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TEDの英語プレゼンでリスニング: The forgotten history of autism

TEDの英語プレゼンでリスニング The forgotten history of autism

40年前、自閉症患者は5千人に1人だと言われていました。現在は68人に1人が自閉症かそれに関する症状を持っていると言われます。なぜこの様な急激な増加があるのでしょうか。Steve Silbermanがその理由を語ります。プレゼンの一部は翻訳し、訳立つ英語表現は抜粋しています。動画は記事の下から見られます。

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Just after Christmas last year, 132 kids in California got the measles by either visiting Disneyland or being exposed to someone who’d been there. The virus then hopped the Canadian border, infecting more than 100 children in Quebec. One of the tragic things about this outbreak is that measles, which can be fatal to a child with a weakened immune system, is one of the most easily preventable diseases in the world.An effective vaccine against it has been available for more than half a century, but many of the kids involved in the Disneyland outbreak had not been vaccinated because their parents were afraid of something allegedly even worse: autism.

But wait — wasn’t the paper that sparked the controversy about autism and vaccines debunked, retracted, and branded a deliberate fraud by the British Medical Journal? Don’t most science-savvy people know that the theory that vaccines cause autism is B.S.? I think most of you do, but millions of parents worldwide continue to fear that vaccines put their kids at risk for autism.




measles: はしか

hop: 跳ねる; 飛び越える

outbreak: (病気の)大流行

fatal: 死を招く、命に関わる

vaccinate: ワクチン接種をする

debunk: 誤りを暴く

retract: 取り消す、撤回する 

brand: 汚名をつける

savvy: 精通している、よく知っている

B.S.: たわごと (bullshitの略です)


Lorna and her colleague Judith Gould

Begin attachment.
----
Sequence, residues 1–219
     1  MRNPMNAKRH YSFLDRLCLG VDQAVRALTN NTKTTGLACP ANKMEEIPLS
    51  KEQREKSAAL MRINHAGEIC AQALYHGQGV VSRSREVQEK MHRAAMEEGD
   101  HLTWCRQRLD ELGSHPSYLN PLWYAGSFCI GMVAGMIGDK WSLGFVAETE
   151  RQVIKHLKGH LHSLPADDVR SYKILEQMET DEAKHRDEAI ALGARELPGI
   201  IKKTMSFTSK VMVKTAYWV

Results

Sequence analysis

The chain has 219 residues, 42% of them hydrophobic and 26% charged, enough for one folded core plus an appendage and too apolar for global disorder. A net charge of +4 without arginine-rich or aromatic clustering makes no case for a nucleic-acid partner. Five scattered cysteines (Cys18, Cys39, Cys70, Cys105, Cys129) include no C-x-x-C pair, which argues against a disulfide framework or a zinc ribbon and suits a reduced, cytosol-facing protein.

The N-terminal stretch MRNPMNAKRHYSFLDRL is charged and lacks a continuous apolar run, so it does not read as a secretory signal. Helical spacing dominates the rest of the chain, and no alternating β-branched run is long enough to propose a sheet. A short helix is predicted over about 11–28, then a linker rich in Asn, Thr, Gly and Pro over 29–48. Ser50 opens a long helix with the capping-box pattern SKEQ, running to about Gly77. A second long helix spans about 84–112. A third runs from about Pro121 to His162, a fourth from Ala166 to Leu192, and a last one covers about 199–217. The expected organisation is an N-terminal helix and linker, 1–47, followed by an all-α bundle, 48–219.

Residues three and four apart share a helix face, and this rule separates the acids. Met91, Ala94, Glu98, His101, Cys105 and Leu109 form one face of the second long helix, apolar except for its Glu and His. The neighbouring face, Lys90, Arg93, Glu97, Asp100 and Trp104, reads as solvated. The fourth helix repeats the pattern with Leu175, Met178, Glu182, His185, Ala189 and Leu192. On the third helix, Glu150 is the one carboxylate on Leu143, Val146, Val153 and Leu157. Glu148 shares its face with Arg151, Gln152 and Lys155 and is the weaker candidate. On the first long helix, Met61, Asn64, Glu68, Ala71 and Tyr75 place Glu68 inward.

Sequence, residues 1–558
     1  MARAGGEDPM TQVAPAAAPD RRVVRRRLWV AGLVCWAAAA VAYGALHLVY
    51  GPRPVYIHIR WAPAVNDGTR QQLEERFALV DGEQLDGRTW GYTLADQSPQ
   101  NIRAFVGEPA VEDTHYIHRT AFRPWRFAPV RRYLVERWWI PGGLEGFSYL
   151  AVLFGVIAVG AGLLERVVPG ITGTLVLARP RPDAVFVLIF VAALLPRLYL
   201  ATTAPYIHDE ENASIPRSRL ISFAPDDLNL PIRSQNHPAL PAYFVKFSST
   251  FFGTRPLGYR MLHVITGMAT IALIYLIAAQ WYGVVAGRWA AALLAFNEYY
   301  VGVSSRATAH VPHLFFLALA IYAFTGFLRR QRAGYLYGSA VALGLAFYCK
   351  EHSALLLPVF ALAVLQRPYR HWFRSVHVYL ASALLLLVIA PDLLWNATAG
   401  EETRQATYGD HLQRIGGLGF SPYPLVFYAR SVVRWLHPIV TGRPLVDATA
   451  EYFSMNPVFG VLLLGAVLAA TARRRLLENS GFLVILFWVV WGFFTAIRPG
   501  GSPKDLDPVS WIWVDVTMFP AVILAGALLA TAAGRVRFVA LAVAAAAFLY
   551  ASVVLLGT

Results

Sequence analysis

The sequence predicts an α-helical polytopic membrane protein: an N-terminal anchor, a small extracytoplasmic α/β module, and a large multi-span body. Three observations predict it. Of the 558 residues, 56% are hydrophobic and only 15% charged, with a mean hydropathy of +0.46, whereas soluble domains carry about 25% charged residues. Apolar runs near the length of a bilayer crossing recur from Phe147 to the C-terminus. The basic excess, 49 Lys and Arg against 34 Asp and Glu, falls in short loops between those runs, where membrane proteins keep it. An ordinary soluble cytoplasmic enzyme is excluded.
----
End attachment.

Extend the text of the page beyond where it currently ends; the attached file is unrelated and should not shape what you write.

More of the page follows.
decided to do something that should have been done 30 years earlier. They undertook a study of autism prevalence in the general population. They pounded the pavement in a London suburb called Camberwell to try to find autistic children in the community. What they saw made clear that Kanner’s model was way too narrow, while the reality of autism was much more colorful and diverse. Some kids couldn’t talk at all, while others waxed on at length about their fascination with astrophysics, dinosaurs or the genealogy of royalty. In other words, these children didn’t fit into nice, neat boxes, as Judith put it, and they saw lots of them, way more than Kanner’s monolithic model would have predicted.

At first, they were at a loss to make sense of their data. How had no one noticed these children before? But then Lorna came upon a reference to a paper that had been published in German in 1944, the year after Kanner’s paper, and then forgotten, buried with the ashes of a terrible time that no one wanted to remember or think about.




prevalence: 有病率、罹患率

pound: (道路などを)歩き回る

suburb: 郊外

astrophysics: 天体物理学

dinosaur: 恐竜

genealogy of royalty: 王室の系図 


By coincidence, as Lorna and Judith worked behind the scenes
to reform the criteria, people all over the world were seeing an autistic adult for the first time.Before “Rain Man” came out in 1988, only a tiny, ingrown circle of experts knew what autism looked like,but after Dustin Hoffman’s unforgettable performance as Raymond Babbitt earned “Rain Man” four Academy Awards, pediatricians, psychologists, teachers and parents all over the world knew what autism looked like.



coincidence: 偶然

criteria: 基準、クライテリア

tiny: 小さな

ingrown: 内部に成長した、生まれつきの、内輪の


One way to understand neurodiversity is to think in terms of human operating systems. Just because a P.C. is not running Windows doesn’t mean that it’s broken. By autistic standards, the normal human brain is easily distractable, obsessively social, and suffers from a deficit of attention to detail. To be sure, autistic people have a hard time living in a world not built for them.



distractable: 気が散る

obsessively: 執拗に、強迫観念に取り付かれている

To be sure: もちろん、当然

have a hard time: 苦労する、つらい目にあう


捉え方によっては、自閉症患者の数すらも変わってしまうということですね。人間をOSとして捉えてみようというSteve Silbermanの提案には私も全面的に賛成です。みんながWindows使ってるわけじゃないですもんね。



 - リスニング